As growth tentatively returns to Europe, questions remain around the amount of new financing that can be made available by the banking sector to sustain it. New and substantially higher capital requirements now need be met by European banks and may soon be further raised by new proposals. However raising capital is not straightforward in the current environment. Question marks over the future business model of European banks and the impact of the new regulatory environment as well as the well known areas of general uncertainty in the current environment create multiple challenges.
Ensuring that the necessary additional financing can be made available by banks to sustain growth in the real economy is the key reason why both the financial sector and policy makers are focusing on securitisation. In addition to the funding diversification benefit provided by true sale securitisations, by allowing banks to transfer risks on some of their assets to non-bank investors, securitisation can also allow banks to continue financing the economy even when capital becomes constrained. This is one of the key reasons behind the European legislative project to encourage “simple, transparent and standardized” true sale securitisations (“STS”) currently being discussed in Brussels.
Another way banks may break the iron link between how much equity they hold and how much lending they can extend to the real economy is through the issuance of risk transfer/synthetic securitisations. This channel allows banks to transfer, against compensation, the credit risk of assets on their balance sheet to other investors. Since the risk is now with these investors, the bank need not hold capital against it – thus allowing this existing capital to be used for additional lending.
Because of the poor performance of some risk transfer/synthetic transactions during the crisis, there is a strong desire though to ensure that any future transactions meet the simplicity, transparency and safety standards necessary to underpin a market that is safe and stable. To this end, the European Commission has asked the European Banking Authority to look into what a framework for such a market would look like. The European Council has also indicated a desire to see such a framework in place within the future European regulatory architecture.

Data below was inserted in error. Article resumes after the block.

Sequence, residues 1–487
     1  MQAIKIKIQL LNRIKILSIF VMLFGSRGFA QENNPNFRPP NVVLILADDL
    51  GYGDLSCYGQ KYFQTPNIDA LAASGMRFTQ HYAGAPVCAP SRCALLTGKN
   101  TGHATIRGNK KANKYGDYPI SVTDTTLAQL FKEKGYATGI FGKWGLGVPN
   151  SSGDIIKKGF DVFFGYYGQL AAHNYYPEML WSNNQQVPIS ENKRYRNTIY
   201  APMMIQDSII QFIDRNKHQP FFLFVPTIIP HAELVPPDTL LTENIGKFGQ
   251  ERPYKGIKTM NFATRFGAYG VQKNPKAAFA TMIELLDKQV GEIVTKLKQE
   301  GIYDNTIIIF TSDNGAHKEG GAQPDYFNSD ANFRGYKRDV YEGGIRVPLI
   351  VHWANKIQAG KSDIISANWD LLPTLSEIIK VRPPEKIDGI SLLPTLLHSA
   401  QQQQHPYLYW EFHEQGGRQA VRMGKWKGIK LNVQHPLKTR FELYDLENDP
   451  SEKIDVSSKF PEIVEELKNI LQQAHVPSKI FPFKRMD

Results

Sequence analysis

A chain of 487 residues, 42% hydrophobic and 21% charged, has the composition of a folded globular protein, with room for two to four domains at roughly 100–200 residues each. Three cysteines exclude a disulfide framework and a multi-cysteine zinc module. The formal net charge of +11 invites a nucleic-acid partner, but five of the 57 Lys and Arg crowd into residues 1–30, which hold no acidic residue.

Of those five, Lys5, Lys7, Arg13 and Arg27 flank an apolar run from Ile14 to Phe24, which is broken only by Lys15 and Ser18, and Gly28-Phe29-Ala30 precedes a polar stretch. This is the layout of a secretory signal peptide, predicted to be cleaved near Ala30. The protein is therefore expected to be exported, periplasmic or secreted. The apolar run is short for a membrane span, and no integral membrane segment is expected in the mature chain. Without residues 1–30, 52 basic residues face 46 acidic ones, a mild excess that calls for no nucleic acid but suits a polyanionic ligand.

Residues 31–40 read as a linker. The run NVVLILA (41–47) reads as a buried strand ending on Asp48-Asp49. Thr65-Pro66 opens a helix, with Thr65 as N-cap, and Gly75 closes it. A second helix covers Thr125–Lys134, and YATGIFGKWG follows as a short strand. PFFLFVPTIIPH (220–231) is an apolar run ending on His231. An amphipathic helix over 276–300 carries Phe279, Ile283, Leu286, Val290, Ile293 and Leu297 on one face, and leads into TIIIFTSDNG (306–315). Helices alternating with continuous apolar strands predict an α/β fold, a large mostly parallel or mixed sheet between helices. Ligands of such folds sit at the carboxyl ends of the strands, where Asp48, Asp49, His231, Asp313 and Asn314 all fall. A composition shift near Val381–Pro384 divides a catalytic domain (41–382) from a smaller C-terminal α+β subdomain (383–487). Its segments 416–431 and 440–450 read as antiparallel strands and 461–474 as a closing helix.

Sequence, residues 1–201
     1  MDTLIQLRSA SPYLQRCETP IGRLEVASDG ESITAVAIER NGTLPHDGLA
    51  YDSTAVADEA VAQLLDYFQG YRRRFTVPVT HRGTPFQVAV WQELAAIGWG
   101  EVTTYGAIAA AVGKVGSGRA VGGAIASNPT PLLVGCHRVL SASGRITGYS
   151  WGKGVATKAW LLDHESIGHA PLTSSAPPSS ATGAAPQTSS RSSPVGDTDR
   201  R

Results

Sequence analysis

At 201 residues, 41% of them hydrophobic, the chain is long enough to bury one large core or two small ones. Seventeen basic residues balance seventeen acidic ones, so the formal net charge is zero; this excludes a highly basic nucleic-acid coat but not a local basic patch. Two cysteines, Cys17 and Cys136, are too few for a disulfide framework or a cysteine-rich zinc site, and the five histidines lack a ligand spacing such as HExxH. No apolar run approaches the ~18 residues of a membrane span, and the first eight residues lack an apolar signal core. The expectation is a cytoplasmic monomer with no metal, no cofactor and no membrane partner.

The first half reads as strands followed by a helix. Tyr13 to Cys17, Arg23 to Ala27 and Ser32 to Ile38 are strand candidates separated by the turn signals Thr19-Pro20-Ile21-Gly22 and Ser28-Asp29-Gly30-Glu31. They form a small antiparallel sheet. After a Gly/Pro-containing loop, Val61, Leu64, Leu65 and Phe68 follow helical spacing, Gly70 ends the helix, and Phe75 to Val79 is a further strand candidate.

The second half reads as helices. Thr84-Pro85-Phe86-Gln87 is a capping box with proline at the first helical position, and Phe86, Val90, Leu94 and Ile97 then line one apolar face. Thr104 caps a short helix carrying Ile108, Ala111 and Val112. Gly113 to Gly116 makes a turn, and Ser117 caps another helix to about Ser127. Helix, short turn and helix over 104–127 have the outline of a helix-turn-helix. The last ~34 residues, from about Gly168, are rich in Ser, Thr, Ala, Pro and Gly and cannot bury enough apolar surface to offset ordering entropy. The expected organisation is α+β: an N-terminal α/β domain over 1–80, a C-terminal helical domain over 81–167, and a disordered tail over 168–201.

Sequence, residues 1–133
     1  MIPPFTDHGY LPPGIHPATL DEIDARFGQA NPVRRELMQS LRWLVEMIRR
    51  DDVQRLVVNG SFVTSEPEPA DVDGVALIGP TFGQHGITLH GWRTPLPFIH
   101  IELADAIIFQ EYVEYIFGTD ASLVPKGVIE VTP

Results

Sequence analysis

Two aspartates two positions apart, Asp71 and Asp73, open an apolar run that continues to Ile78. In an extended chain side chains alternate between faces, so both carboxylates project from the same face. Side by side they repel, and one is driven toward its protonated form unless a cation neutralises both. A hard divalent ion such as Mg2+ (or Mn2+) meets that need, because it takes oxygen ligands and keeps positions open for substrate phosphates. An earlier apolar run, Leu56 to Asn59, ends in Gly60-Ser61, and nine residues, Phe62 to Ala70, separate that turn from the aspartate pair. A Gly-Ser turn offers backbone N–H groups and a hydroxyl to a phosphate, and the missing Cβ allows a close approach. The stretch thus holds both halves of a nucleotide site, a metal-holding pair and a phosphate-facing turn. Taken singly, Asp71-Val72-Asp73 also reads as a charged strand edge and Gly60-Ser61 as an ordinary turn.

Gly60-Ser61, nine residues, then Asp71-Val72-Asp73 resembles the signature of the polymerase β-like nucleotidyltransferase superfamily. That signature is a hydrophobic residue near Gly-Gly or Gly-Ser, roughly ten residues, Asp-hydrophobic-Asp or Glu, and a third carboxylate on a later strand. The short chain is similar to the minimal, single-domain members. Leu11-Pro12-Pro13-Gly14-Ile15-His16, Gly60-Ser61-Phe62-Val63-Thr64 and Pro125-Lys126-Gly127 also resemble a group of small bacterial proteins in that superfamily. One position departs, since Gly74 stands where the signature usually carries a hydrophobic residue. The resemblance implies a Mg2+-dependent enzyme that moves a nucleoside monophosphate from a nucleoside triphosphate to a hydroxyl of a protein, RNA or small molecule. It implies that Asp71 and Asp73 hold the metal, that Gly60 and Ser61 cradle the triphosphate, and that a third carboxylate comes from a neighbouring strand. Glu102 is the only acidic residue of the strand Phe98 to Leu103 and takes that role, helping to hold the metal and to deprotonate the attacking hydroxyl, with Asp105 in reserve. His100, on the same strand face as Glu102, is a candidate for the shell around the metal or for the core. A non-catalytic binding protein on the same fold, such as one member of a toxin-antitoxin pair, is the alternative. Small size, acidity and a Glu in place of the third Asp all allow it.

It is in this context that PCS is launching a new risk transfer quality label.
In 2012, amidst general concerns around identifying high quality true sale securitisations and avoiding a regulatory regime that punished the good with the bad, PCS launched its true sale quality label to do just that. In addition to helping issuers and investors and adding transparency to this market, the PCS label was also a catalyst for the debate that helped regulators and policy makers design the current STS draft legislation.
PCS hopes that its new label will, once again, help support the market by assisting both protection buyers and investors through standardisation and added transparency. It also hopes to contribute to a debate that may end in a new, better regulatory regime for this key European market based on a bifurcated treatment of risk transfer securitisations based on key simplicity, transparency and standardisation criteria.
The new PCS Risk Transfer Label, may be awarded to risk transfer transactions that meet all the strenuous criteria devised by the PCS Association to identify the key elements for a simple, transparent and standardised instrument.
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